Fechtbuch von 1467


The men with swords theme exhausts itself pretty quickly unless you want to draw continual attention to martial statuary, or those softcore beefcake photos where—as we’ve seen on several occasions—the sword is a subterfuge for other concerns. Hans Thalhofer (or Talhoffer: c. 1420–c. 1490) was a German fencing master whose Fechtbuch von 1467 is worth looking at today not least for its variety of what to our eyes, used to orderly fencing matches, look like very unorthodox moves. Needless to say, when you’re fighting for your life matters of orthodoxy are the last thing on your mind, so why not kick or trip your opponent? One of the great things about books such as this is the window they give on life as it was actually lived, not the mediated (and often erroneous) impressions we receive via film and television.


Wikimedia Commons has many more examples such as these while the Münchener Bibliothek has a scan of the entire book.


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The Classical alibi in physique photography


Stowitts photographed by Nickolas Muray.

The title is from two gallery pages at the Queer Arts Resource which runs through a history of the old subterfuge whereby homoerotic pictures were decorated to look suitably Greek or Roman. This seldom fooled anyone, even in Oscar Wilde’s day, but it no doubt helped to keep the studios out of the law courts. Amid the plaster columns and antique props there’s a card I hadn’t seen before promoting dancer and artist Hubert Stowitts whose role as a satyr is one of the most memorable moments in Rex Ingram’s 1926 film of The Magician.


Jim Galahad.

Also at Queer Arts is a copy of The Dying Gaul with a model who’s in the peak of health and a lot more well-hung than most Greek sculptures.


This picture is something I found ages ago on a lost web page and now have a tenuous reason to post here. What looks like erotica is actually a fashion shoot (and he’s wearing swimming trunks) but it shows how the Classical mode persists. He looks like he wants to see more of Jim’s sword…

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Weekend links 53


Ancient Egyptian capitals from The Grammar of Ornament (1856) by Owen Jones at Egyptian Revival.

• Golden Age Comic Book Stories has been pulling out all the stops recently with entries for Will Bradley, Alphonse Mucha’s Documents Decoratifs (a companion volume to Combinaisons Ornementales), and pages from My Name is Paris (1987) illustrated by Michael Kaluta, an Art Nouveau-styled confection which features scenes from the Exposition Universelle of 1900. Related: Alphonse Mucha in high-resolution at Flickr.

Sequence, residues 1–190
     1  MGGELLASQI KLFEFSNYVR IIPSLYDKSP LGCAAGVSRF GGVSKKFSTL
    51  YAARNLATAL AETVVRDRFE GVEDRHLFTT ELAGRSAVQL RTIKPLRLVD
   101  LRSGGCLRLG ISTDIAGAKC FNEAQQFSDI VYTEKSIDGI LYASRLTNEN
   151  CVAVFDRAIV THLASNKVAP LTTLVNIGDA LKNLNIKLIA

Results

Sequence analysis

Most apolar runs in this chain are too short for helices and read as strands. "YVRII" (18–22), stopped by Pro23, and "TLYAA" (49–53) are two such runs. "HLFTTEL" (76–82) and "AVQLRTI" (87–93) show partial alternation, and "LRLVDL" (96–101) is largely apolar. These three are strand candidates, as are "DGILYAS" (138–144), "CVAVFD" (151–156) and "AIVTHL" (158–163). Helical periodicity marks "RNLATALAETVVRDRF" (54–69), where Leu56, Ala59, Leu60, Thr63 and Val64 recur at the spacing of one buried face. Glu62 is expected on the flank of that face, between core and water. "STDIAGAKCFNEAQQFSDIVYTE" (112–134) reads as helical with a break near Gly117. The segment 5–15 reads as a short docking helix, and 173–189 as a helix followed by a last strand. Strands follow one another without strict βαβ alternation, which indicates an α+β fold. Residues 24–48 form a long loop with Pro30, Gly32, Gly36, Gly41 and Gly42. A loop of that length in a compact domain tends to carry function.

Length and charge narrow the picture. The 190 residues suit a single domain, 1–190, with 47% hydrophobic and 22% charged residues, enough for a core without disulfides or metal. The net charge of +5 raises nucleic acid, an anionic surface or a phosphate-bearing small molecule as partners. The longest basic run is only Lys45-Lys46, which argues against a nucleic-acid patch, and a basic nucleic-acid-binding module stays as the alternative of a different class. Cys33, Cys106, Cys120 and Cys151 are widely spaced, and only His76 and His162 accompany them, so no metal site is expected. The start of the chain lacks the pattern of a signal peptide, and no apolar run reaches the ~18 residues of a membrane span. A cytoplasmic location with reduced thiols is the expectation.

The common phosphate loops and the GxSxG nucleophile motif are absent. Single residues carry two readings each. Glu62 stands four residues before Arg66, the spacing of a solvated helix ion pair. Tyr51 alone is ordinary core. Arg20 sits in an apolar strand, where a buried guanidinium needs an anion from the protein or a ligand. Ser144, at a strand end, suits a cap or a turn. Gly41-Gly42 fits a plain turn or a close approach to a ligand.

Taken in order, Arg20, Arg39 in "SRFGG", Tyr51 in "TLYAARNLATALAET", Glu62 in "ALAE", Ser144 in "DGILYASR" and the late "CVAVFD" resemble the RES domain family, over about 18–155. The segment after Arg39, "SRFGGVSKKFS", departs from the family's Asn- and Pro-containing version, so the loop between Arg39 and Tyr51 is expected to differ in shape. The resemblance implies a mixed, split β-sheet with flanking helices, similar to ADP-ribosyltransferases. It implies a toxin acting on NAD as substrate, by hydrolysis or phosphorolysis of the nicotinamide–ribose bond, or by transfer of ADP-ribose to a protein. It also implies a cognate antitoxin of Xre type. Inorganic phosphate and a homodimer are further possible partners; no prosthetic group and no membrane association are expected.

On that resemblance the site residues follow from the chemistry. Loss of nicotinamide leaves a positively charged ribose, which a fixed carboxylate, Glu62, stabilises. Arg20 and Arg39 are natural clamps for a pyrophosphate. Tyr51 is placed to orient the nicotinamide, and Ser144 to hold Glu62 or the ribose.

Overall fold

The Sinking Of The Titanic by Gavin Bryars at Ubuweb, the first release on Brian Eno’s Obscure label in 1975. Bryars’ Titanic is an open composition which has subsequently been reworked and re-recorded as more information about the disaster has come to light. The accompanying piece on that album, Jesus’ Blood Never Failed Me Yet, is the only version you need unless you want Tom Waits ruining the whole thing in the later recording.

• Hayley Campbell claims to have the worst CV in the world but she has a better way with words than most people with bad CVs. She’ll be giving a talk with Tim Pilcher entitled Sex, Death, Hell & Superheroes at The Last Tuesday Society, 11 Mare Street, Bethnal Green, London, on April 8th. Just don’t shout “Xena!” if you attend.

Monolake live at the Dis-Patch Festival Belgrade, Serbia, 2007; 75 minutes of thumping grooves. Related: A video by Richard De Suza using Monolake’s Watching Clouds as the soundtrack.

• “I preached against homosexuality, but I was wrong.” Related: Gay Cliques, a chart, and Sashay shantay épée at Strange Flowers, the last (?) duel with swords fought in France.

• Mixtapes of the week: Electronica from John Foxx and Benge at The Quietus, and Ben Frost mashing up early Metallica, Krzysztof Penderecki, and late Talk Talk for FACT.

• A 40 gigpixel panorama of the Strahov Philosophical Library, Prague, described by 360 Cities as the world’s largest indoor photo.

How Hollywood Butchered Its Best Movie Posters; Steven Heller on Saul Bass.

• Back issues of Coilhouse magazine are now available to buy in PDF form.

Absinthe minded: The ruin of bohemians is back in all the best bars.

Fade Into You (1993) by Mazzy Star.

Totem and tattoo


My thanks to Clive for suggesting this stunning photo, another jewel dredged from the Tumblr swamps which, after some searching around, I discovered originates here. The model is a Brit named Ben, and the blog page showing more of his pictures describes his body art as “one of the sexiest tattoos I’ve ever seen on a guy”. No disagreement there.

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